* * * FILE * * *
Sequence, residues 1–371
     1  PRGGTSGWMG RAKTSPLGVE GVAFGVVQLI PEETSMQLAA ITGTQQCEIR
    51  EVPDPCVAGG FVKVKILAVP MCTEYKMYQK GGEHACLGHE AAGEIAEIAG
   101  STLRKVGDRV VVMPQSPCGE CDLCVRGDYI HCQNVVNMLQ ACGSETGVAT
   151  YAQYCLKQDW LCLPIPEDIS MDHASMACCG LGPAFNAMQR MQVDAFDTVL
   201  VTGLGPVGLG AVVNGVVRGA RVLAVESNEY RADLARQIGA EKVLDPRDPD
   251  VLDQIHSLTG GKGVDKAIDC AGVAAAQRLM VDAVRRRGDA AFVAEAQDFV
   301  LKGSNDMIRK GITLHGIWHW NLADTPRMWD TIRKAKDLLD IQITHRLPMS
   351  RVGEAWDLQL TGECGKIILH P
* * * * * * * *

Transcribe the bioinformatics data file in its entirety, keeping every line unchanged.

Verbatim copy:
Sequence, residues 1–371
     1  PRGGTSGWMG RAKTSPLGVE GVAFGVVQLI PEETSMQLAA ITGTQQCEIR
    51  EVPDPCVAGG FVKVKILAVP MCTEYKMYQK GGEHACLGHE AAGEIAEIAG
   101  STLRKVGDRV VVMPQSPCGE CDLCVRGDYI HCQNVVNMLQ ACGSETGVAT
   151  YAQYCLKQDW LCLPIPEDIS MDHASMACCG LGPAFNAMQR MQVDAFDTVL
   201  VTGLGPVGLG AVVNGVVRGA RVLAVESNEY RADLARQIGA EKVLDPRDPD
   251  VLDQIHSLTG GKGVDKAIDC AGVAAAQRLM VDAVRRRGDA AFVAEAQDFV
   301  LKGSNDMIRK GITLHGIWHW NLADTPRMWD TIRKAKDLLD IQITHRLPMS
   351  RVGEAWDLQL TGECGKIILH P